The application of China's Digital Currency Electronic Payment (DC/EP), also known as digital yuan, is taking another critical step forward in the business-tobusiness (B2B) segment and for wage payments.
JD.com, the country's second-largest online retailer, showed for the first time how it uses digital yuan for its payroll, as well as pilot applications and digital solutions for corporate payments for its supply chain partners, during the fourth Digital China Summit in Fuzhou, Fujian province. In January, JD.com tested the use of digital yuan to pay some of its employees in cities like Shanghai, Shenzhen and Chengdu. Employees can deposit their digital salaries in their personal bank cards, and can use the money where the digital currency is accepted in pilot cities. Peng Fei, head of the DC/EP program at JD Digits, JD.com's fintech arm, told the Global Times that “many of our digital yuan pilot projects are at the consumer level, and now we are starting to pay attention to where the money comes from. Paying salaries is a good way to source digital yuan.” Peng said that the scenarios and applications of the digital yuan for businesses will be even more numerous in the future.
JD.com was the country's first online platform to accept China's digital currency, after the Suzhou municipal government in Jiangsu province handed out 100,000 virtual red packets of CNY20 million in total to local residents via a lottery, in order to encourage spending during the Double Twelve online shopping festival last year. Leading Chinese technology companies such as Huawei and Tencent also exhibited their advances in the digital currency area during the Fuzhou summit, attracting many visitors who were eager to test out the new currency. Chinese fintech giants Ant Group and Tencent announced further cooperation with China's central bank to move forward with the digital yuan, vowing to provide active support to the rollout of the currency. According to Ant Group, which is under strict regulatory scrutiny over some of its business practices, the company will support the research and development of the digital yuan and its technical platform, while Tencent said that it has provided full support to the digital yuan pilot project, and will carry out controlled trials under the instructions of the People's Bank of China (PBOC). “Currently, there's no plan to launch the digital yuan nationwide. But the scale of the trial runs will be increased,” said PBOC Deputy Governor Li Bo, at the Boao Forum for Asia held in Hainan province on April 18.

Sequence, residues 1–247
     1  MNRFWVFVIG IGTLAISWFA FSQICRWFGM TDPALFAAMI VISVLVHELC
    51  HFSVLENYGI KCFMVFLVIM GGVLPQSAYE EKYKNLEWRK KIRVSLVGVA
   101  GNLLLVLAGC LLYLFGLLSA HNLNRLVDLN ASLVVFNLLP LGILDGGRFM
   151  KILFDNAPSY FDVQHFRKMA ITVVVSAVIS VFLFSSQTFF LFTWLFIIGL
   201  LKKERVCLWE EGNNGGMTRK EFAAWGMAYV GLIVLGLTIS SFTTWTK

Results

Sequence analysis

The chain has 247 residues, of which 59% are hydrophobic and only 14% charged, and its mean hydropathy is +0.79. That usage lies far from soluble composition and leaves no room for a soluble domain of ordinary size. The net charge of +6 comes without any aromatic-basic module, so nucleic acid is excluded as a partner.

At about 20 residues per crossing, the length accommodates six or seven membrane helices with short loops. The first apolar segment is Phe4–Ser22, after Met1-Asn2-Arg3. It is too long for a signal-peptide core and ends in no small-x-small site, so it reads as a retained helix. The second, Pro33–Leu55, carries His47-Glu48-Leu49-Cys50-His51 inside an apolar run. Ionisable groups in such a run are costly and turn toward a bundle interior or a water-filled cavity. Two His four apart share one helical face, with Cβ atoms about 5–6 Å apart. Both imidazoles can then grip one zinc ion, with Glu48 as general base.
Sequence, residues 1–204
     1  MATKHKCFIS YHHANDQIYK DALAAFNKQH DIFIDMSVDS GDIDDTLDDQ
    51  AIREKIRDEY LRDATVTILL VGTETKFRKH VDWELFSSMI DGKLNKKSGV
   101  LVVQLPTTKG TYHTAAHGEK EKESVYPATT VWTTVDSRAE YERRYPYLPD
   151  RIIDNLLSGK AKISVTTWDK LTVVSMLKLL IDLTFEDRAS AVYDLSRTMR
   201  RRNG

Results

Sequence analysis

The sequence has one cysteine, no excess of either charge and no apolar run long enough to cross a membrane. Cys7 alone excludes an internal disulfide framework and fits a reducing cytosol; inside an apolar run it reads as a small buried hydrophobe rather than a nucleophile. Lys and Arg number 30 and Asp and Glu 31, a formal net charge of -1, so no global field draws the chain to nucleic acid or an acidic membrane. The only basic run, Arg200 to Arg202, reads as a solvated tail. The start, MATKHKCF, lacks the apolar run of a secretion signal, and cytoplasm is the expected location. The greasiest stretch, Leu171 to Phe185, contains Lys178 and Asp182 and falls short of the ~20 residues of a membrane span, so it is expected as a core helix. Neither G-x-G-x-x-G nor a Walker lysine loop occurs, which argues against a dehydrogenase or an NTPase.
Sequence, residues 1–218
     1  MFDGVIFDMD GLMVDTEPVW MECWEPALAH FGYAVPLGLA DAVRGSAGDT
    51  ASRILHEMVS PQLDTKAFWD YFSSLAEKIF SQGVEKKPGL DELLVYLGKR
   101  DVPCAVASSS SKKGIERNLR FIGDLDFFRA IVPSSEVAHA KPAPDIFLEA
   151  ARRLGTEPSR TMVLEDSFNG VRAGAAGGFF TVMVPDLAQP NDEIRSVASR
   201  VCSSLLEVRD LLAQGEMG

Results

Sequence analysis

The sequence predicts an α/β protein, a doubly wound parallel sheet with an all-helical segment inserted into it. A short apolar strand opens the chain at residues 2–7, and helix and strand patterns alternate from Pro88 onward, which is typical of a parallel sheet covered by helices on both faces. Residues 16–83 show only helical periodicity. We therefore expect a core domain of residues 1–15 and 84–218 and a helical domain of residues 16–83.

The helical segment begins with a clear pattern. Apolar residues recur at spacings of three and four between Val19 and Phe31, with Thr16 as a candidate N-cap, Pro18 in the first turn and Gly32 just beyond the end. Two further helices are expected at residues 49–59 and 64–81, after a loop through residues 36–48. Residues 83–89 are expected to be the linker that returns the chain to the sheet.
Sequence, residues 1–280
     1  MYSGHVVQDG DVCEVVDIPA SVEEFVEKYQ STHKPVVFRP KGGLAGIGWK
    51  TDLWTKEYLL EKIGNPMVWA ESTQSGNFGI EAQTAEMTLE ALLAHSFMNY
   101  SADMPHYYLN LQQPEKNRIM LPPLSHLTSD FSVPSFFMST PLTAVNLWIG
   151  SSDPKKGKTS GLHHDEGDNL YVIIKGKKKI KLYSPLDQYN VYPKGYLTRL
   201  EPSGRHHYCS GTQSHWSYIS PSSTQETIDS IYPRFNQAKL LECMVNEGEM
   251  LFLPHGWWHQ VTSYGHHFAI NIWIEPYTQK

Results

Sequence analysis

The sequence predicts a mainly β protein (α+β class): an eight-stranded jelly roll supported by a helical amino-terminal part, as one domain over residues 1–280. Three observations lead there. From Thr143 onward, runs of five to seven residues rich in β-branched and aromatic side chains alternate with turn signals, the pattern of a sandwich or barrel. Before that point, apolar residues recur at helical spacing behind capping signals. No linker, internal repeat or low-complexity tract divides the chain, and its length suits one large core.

The scope of the use of the digital yuan will be further expanded during this year's May 5 Shopping Festival, with digital yuan red envelopes, or consumption coupons. Suzhou and Shanghai will give out red envelopes to consumers during the upcoming shopping festival. At present, six banks that will run trial digital yuan have connected with merchants and will together launch promotional activities. Nearly 50 Carrefour stores in Shanghai, Suzhou and other neighboring cities will fully launch the digital yuan payment trial during the second May 5 Shopping Festival. Unlike Alipay and WeChat wallet, the digital yuan can be used without internet access.
In Shanghai the digital yuan is now on trial at selected spots, including groceries, vending machines, fresh food markets, department stores and shopping malls. To make an e-yuan payment, people need an account with any of six state-run banks and request an e-yuan wallet smartphone app. Users can simply swipe up to pay or swipe down to receive payments. If the two parties both have e-yuan accounts, a payment can be made via the app, and the only information you need to fill in is the recipient’s mobile number or e-yuan wallet number. At merchants supporting e-yuan payment, consumers can also use the “tap-to-pay” service. This allows users to make digital yuan payments without the Internet, with the help of NFC technology, the Shanghai Daily reports.
The renminbi yuan strengthened its position as a global settlement currency last year, with a growing number of overseas financial institutions willing to increase their Chinese currency denominated assets, according to a new survey by the Bank of China (BOC), based on responses from 3,286 enterprises, 76% of them domestic companies. The remaining 24% were overseas businesses from 32 countries and regions. Cross-border renminbi settlements exceeded CNY28 trillion last year, up by 44% from a year earlier. About 79% of domestic and overseas enterprises who participated in the survey said they would consider using the yuan for cross-border transactions or were willing to increase the proportion of the Chinese currency used in such transactions. About 31% of domestic respondents said last year their overseas trading partners fully accepted using renminbi as a settlement currency, up 4 percentage points from 2019. The survey also found that the level of the renminbi used in China’s outbound direct investments (ODI) rose significantly, as 51% of domestic businesses said the use of the renminbi in ODI accounted for no less than 20% of the total last year, whereas only 38% of domestic business enterprises said so in 2019, the China Daily reports.